Graham Rayman’s The NYPD Tapes is sub-titled: A Shocking Story of Cops, Coverups and Courage.
Courage applies in part to Adrian Schoolcraft, the whistleblowing police officer at the center of one of the more bizarre of the NYPD’s ongoing scandals.
Courage also applies to Rayman, who wrote about Adrian Schoolcraft despite his lack of cooperation and the lack of cooperation of Schoolcraft’s manipulative father Larry. But Rayman is first and foremost an honest reporter. Even without their cooperation he persevered, and completed this important book.
Schoolcraft worked in the relatively high-crime 81st precinct in Brooklyn, and he was not a happy camper as a cop. A loner, he began to secretly tape recording precinct roll calls at which commanding officers ordered patrol cops like himself to make it difficult for victims of crimes to make formal complaints. Equally disturbing, cops were also ordered to downgrade felonies — serious crimes — to less serious misdemeanors so that the precinct would appear safer than it actually was.
Schoolcraft’s tape recordings might well have been ignored or forgotten, had not the police department then done something that was indeed shocking.
On the day of Halloween in 2009, Schoolcraft left his tour early, saying he felt sick, and returned to his apartment in Queens. A few hours later a police posse, led by a Deputy Chief, appeared at his apartment and took him, against his will, to nearby Jamaica Hospital, saying he needed medical help. Despite his protests, the hospital admitted him and held him in its psychiatric ward for the next five days.
Whether this was retaliation for leaving his tour early without permission, or whether it was retaliation for his recording the roll calls as Schoolcraft’s father maintained, the department left a paper trail of what it did that they have yet to explain.
Four years later, neither Police Commissioner Ray Kelly nor Mayor Michael Bloomberg has offered any explanation for an action that seems more appropriate to the old Soviet Union and its KGB than to New York City and the NYPD.
Schoolcraft was released from the hospital after a week. He and his father then left the city for upstate Johnstown, where Larry Schoolcraft had grown up. Meanwhile Larry alerted the media to what the department had done to his son, declaring that his son’s forced hospitalization was retaliation for his blowing the whistle on his precinct commanders.
The Schoolcrafts, father and son, hired an attorney who sued the NYPD in federal court for $50 million.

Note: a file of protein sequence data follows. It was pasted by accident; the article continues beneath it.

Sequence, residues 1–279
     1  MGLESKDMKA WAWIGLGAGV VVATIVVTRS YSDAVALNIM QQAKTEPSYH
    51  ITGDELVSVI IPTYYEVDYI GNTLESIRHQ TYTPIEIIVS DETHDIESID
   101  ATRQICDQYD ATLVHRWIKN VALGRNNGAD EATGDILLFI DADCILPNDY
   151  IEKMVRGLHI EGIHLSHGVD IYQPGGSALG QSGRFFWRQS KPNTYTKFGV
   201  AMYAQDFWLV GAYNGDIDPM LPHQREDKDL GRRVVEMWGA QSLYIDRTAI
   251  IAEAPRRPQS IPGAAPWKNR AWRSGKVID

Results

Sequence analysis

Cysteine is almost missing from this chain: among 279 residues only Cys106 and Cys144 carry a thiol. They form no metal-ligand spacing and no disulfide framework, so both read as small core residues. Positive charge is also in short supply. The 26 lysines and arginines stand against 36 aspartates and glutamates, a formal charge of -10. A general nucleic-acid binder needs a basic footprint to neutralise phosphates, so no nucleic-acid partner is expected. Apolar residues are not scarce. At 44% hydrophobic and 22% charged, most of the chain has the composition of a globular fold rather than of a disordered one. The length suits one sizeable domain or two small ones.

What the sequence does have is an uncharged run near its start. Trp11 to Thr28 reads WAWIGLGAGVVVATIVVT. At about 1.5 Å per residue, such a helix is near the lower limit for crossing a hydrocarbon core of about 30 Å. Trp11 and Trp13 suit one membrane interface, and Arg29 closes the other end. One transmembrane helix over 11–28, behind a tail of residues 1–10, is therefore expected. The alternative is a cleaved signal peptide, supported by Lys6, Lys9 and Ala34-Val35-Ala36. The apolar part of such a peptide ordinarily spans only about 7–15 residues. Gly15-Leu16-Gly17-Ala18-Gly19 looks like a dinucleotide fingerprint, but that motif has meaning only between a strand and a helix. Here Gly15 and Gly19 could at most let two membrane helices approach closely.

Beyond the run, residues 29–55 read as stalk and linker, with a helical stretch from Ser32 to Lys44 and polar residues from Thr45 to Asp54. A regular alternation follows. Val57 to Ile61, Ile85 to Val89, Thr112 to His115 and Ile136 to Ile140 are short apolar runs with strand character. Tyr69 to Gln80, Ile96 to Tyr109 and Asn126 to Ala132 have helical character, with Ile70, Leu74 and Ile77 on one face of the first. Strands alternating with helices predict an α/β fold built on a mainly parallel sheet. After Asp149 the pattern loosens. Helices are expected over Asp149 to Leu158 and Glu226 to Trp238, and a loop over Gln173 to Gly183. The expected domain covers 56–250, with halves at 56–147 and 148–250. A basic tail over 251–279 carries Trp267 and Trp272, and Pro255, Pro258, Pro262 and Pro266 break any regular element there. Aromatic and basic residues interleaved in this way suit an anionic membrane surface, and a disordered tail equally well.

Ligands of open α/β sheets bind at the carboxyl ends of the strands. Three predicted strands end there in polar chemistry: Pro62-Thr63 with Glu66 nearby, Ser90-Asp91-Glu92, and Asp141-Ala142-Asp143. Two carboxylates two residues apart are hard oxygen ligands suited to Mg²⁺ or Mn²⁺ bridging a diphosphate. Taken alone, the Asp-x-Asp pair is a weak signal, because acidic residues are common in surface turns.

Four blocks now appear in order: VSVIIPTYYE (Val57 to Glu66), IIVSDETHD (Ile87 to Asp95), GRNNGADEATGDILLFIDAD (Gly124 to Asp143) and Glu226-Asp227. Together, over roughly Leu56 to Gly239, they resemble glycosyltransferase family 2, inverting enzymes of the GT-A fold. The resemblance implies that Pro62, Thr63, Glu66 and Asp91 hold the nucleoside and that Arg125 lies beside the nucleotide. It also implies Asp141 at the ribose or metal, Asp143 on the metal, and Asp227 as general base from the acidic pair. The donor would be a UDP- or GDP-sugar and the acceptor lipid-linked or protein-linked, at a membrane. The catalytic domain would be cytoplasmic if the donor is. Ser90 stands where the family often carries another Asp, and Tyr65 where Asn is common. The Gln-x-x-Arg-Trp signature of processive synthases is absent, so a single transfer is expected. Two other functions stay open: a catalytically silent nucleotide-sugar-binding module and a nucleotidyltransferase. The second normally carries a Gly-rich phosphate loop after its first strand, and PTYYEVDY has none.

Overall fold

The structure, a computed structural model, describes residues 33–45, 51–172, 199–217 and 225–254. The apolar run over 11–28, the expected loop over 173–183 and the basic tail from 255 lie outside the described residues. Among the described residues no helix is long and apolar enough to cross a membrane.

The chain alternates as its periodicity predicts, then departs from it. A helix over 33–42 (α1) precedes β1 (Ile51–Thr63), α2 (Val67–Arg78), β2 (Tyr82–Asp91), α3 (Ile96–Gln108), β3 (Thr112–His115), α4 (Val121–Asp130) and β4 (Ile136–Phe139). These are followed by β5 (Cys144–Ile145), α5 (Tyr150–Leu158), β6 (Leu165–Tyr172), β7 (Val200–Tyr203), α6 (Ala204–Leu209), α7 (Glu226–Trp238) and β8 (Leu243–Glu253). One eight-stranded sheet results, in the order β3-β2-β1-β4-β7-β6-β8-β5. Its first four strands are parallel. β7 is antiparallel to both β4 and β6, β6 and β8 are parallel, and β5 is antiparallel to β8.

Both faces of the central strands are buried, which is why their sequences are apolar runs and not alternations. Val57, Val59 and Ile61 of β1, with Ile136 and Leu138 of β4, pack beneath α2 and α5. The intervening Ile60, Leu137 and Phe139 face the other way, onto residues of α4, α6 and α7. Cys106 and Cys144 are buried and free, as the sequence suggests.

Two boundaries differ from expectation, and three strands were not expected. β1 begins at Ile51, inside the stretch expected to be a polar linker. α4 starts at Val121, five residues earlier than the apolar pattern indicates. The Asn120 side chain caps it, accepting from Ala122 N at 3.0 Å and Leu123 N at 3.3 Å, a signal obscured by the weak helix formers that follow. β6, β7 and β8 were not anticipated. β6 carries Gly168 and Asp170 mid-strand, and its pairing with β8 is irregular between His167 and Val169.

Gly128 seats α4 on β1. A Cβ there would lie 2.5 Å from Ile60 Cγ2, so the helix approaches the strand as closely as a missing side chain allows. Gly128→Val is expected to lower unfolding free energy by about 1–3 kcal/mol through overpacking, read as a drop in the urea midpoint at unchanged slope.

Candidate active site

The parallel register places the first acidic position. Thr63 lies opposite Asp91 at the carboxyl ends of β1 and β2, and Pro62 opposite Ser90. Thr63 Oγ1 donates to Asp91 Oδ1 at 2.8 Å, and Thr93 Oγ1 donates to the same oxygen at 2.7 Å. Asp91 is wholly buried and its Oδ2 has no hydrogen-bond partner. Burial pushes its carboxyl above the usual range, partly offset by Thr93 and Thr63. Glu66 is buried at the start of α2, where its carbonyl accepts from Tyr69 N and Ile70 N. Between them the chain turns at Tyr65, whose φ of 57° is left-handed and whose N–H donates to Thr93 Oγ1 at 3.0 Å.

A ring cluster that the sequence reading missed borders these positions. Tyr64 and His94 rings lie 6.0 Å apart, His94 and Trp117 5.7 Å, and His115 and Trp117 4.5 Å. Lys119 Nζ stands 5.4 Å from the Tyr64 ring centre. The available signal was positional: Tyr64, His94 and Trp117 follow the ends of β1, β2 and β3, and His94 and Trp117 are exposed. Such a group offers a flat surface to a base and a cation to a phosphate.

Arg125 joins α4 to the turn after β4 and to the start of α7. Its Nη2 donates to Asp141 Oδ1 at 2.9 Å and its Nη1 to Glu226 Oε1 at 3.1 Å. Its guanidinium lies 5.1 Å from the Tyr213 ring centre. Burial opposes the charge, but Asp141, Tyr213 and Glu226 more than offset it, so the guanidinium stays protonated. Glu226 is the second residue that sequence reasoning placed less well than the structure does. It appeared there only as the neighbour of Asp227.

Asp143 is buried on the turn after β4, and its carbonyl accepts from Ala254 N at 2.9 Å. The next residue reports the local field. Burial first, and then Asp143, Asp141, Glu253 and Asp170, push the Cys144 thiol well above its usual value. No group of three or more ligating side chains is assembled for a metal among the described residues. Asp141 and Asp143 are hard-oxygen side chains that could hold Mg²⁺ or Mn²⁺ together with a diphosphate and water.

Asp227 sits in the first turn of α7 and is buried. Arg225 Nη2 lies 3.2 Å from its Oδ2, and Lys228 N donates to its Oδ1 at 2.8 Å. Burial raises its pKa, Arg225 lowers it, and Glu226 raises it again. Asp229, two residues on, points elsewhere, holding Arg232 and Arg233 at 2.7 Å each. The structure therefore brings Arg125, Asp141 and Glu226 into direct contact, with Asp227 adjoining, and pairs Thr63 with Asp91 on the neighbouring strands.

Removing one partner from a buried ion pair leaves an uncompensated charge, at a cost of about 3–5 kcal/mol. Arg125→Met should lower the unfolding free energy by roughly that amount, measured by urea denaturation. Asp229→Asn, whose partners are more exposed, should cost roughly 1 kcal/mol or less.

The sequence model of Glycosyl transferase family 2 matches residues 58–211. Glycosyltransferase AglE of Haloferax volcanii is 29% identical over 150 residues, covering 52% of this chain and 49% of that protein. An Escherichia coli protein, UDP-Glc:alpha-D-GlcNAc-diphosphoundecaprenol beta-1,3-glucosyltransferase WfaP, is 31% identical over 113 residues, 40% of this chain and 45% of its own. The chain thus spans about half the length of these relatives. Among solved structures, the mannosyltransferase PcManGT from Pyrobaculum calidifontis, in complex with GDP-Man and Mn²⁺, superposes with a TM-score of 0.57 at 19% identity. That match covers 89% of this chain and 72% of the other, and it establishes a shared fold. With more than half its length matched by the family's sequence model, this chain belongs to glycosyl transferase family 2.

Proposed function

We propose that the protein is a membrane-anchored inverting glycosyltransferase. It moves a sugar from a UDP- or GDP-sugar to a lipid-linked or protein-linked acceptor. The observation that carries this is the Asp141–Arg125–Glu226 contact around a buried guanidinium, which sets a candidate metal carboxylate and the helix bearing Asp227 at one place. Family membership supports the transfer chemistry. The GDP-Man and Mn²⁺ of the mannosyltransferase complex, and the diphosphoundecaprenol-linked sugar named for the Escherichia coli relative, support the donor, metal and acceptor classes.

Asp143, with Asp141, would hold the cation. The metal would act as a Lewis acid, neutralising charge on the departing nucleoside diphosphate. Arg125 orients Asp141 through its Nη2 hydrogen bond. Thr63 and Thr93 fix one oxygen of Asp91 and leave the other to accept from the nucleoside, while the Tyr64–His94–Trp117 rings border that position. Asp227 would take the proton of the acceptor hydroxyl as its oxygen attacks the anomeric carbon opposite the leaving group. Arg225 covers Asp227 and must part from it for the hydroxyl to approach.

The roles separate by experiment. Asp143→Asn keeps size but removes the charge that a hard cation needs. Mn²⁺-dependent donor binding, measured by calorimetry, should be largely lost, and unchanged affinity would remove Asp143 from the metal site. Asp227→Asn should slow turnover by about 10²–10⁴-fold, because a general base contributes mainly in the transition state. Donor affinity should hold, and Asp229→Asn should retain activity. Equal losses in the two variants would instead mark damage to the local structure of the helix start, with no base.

Meanwhile there was enough of a hue and cry among the city’s media and local politicians that the department was forced to address Schoolcraft’s allegations about the 81st precinct. The department announced an investigation and determined that its 81 precinct commanders had indeed downgraded crimes. The precinct’s top commanders were all transferred and disciplined.
Other allegations had surfaced years before that the downgrading of crimes was not confined to the 81st precinct but was a city-wide phenomenon. But when the chairman of the Mayor’s Commissioner to Combat Police Corruption sought to investigate, Kelly refused to turn over department records. Mayor Bloomberg did and said nothing and the chairman resigned.
With the publicity increasing over the Schoolcraft case, Kelly announced the appointment of a three-man, blue-ribbon panel to examine the department’s crime-reporting. This time he promised to cooperate. He promised a report within six months. Instead, the investigation continued for two years. By the time the panel issued its report, concluding that the downgrading was indeed citywide, one of the three members had died and interest in Schoolcraft had waned.
At the same time, the NYPD sent officers upstate to Johnstown, harassing the Schoolcrafts and urging Adrian to return to work. Clearly, the pressure was getting to them. Adrian and Larry were running out of money and were fighting with each other.
They fired their first attorney, hired a second attorney and fired him.
“The father wants us to go after Kelly, Bloomberg, the FBI, everyone under the son,” said their first attorney, Jon Norinsberg. “We’ve had a complete communications breakdown.”
He added that Adrian had disappeared for weeks on end and he had enlisted the legendary NYPD cop, Frank Serpico, who lived near the Schoolcrafts, to help find him.
Serpico, who had come forward about police corruption 40 years before and who lived near the Schoolcrafts, identified with Adrian Schoolcraft’s ordeal. He knew firsthand the pressures the department can exert upon an individual who goes against the system.
As he put it: “The department wants to undermine all that they stand for by painting them as malcontents, nuts, psychos.” That, he said, was precisely what they had done to him four decades ago.
Rayman in his book recounts all this. He describes the Schoolcrafts not as saints, but as human beings in torment.
Yet their lawsuit continues. The facts have begun to emerge. Federal Judge Robert Sweet ruled last week against Jamaica Hospital, which had sought to prevent Schoolcraft from discussing his forced incarceration.
This story is not over as the police department has hoped. It may be just the beginning.
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